'This Bites' must-read cookbooks of 2017
Each Friday at 8 am on 88Nine, Milwaukee Magazine’s dining critic, Ann Christenson, and 88Nine foodie Tarik Moody discuss Milwaukee’s culinary and restaurant culture. ‘This Bites’ is sponsored by Society Insurance.
On this week’s show, we talked about our must-read cookbooks of 2017.
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Salt Fat Acid Heat by Samin Norsat
In the tradition of The Joy of Cooking and How to Cook Everything comes SALT FAT ACID HEAT, an ambitious new approach to cooking by a major new culinary voice. Chef and writer Samin Nosrat has taught everyone from professional chefs to middle school kids to author Michael Pollan to cook using her revolutionary, yet simple, philosophy.
Master the use of just four elements—Salt, which enhances flavor; Fat, which delivers flavor and generates texture; Acid, which balances flavor; and Heat, which ultimately determines the texture of food—and anything you cook will be delicious. By explaining the hows and whys of good cooking, SALT FAT ACID HEAT will teach and inspire a new generation of cooks how to confidently make better decisions in the kitchen and cook delicious meals with any ingredients, anywhere, at any time.
Potlikker Papers by John T. Edge
Beginning with the pivotal role of cooks in the civil rights movement, noted authority John T. Edge narrates the region’s journey from a hive of racism to a hotbed of American immigration. In the process, he traces how the food of working-class Southerners has become a signature of American cuisine.
Restaurants were battlegrounds during the civil rights movement. Access to food and ownership of traditions were key contentions on the long and fitful march toward racial equality. The Potlikker Papers begins in 1955 as black cooks and maids fuelled the Montgomery bus boycott and it concludes in 2015 as a newer South came into focus, enriched by the arrival of immigrants from Mexico, Vietnam, and many points in between.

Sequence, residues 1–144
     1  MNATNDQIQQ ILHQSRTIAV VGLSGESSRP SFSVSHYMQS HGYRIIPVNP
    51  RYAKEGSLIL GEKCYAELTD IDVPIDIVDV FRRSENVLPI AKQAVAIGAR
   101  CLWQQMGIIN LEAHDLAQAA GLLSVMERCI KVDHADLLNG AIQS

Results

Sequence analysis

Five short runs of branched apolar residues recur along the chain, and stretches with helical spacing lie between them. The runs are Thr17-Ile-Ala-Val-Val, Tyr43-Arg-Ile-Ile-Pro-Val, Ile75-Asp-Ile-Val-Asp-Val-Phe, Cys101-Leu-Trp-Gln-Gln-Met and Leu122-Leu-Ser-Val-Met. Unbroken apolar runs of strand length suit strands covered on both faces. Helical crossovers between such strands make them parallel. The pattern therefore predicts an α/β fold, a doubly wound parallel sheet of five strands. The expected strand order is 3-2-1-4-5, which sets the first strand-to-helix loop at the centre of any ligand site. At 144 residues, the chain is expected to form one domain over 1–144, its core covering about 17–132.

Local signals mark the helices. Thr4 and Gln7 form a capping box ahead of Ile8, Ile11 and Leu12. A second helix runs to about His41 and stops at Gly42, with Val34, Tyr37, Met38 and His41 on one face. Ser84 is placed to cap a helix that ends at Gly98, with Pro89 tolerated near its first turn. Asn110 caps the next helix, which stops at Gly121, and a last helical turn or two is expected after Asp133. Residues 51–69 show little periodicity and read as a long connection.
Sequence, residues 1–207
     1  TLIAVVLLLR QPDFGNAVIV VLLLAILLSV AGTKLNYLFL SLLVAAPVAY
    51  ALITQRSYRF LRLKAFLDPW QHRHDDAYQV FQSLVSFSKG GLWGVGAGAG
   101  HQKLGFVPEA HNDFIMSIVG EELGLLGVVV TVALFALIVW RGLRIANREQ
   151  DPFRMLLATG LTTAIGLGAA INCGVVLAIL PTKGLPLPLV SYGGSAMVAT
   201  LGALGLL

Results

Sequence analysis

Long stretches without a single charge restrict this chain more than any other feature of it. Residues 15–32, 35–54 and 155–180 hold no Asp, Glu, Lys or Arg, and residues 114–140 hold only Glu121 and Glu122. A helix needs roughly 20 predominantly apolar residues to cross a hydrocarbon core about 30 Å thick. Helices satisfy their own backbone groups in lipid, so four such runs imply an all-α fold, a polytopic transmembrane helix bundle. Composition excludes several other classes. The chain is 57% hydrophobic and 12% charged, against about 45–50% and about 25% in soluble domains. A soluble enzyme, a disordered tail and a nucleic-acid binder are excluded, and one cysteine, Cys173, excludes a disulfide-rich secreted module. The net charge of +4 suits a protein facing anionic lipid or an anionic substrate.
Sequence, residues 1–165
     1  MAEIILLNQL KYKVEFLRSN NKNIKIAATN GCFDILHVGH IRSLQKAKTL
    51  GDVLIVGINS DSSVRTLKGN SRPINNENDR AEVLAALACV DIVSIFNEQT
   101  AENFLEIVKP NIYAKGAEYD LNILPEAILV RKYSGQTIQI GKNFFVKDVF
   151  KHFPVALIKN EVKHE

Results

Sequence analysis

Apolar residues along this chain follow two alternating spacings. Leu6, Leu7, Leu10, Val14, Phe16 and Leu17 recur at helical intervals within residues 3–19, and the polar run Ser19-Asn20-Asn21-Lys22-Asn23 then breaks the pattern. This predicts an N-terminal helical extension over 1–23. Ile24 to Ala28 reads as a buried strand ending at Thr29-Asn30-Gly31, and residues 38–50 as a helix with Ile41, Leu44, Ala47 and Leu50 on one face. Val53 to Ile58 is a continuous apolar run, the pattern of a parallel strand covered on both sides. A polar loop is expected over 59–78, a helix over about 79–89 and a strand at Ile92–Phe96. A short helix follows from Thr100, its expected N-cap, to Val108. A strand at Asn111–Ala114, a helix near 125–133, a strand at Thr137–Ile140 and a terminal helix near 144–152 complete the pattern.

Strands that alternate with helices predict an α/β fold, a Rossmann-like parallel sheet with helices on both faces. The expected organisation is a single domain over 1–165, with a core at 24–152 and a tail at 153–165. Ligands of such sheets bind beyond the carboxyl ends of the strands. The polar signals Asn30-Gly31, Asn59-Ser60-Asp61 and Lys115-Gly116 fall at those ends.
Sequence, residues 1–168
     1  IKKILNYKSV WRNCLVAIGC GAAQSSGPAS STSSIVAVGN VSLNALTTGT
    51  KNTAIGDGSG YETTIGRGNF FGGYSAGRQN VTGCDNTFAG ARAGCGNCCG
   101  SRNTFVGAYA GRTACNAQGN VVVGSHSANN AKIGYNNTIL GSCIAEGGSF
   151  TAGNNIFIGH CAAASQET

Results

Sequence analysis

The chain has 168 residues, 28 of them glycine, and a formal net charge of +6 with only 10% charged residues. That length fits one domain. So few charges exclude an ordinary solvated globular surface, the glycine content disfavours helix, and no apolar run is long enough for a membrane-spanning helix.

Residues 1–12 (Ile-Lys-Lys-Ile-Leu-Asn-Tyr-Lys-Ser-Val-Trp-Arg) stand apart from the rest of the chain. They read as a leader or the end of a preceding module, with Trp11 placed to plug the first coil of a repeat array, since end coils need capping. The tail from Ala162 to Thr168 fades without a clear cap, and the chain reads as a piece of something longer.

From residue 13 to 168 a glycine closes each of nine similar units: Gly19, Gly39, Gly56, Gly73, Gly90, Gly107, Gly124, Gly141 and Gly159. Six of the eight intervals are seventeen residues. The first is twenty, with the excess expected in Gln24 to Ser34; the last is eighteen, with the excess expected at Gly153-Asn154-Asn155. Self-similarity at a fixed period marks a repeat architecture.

Along the way, The Potlikker Papers tracks the evolution of Southern identity, from the back-to-the-land movement of the 1970s that began in the Tennessee hills to the rise of fast and convenience foods modeled on Southern staples. Edge narrates the gentrification that gained traction in North Carolina and Louisiana restaurants of the 1980s and the artisanal renaissance that reconnected farmers and cooks in the 1990s and 2000s. He profiles compelling Southern figures who played transformative American roles, including Fannie Lou Hamer, Harland Sanders, Edna Lewis, Craig Claiborne, Mahalia Jackson, Nathalie Dupree, Sean Brock, and many others.
Bread is Gold by Massimo Bottura
Bread is Gold is the first book to take a holistic look at the subject of food waste, presenting recipes for three-course meals from 45 of the world's top chefs, including Daniel Humm, Mario Batali, René Redzepi, Alain Ducasse, Joan Roca, Enrique Olvera, Ferran & Albert Adrià and Virgilio Martínez. These recipes, which number more than 150, turn everyday ingredients into inspiring dishes that are delicious, economical, and easy to make.
The Cooking Gene by Michael W. Twitty
A renowned culinary historian offers a fresh perspective on our most divisive cultural issue, race, in this illuminating memoir of Southern cuisine and food culture that traces his ancestry—both black and white—through food, from Africa to America and slavery to freedom.
Southern food is integral to the American culinary tradition, yet the question of who “owns” it is one of the most provocative touch points in our ongoing struggles over race. In this unique memoir, culinary historian Michael W. Twitty takes readers to the white-hot center of this fight, tracing the roots of his own family and the charged politics surrounding the origins of soul food, barbecue, and all Southern cuisine.
The Sioux Chef’s Indigenous Kitchen by Sean Sherman w/ Beth Dooley
Sean Sherman, the Oglala Lakota chef and founder of The Sioux Chef, dispels outdated notions of Native American fare; no fry bread, dairy products, or sugar here. The Sioux Chef’s Indigenous Kitchen features healthful plates that embrace venison, duck, blueberries, sage, amaranth, and abundant wildflowers. This volume is a delectable introduction to the modern indigenous cuisine of the Dakota and Minnesota territories.
Christ in the Garden of Endless Breadsticks by Helen Rosner
This isn't a book, but a long-form article about one of America's favorite chain, Olive Garden.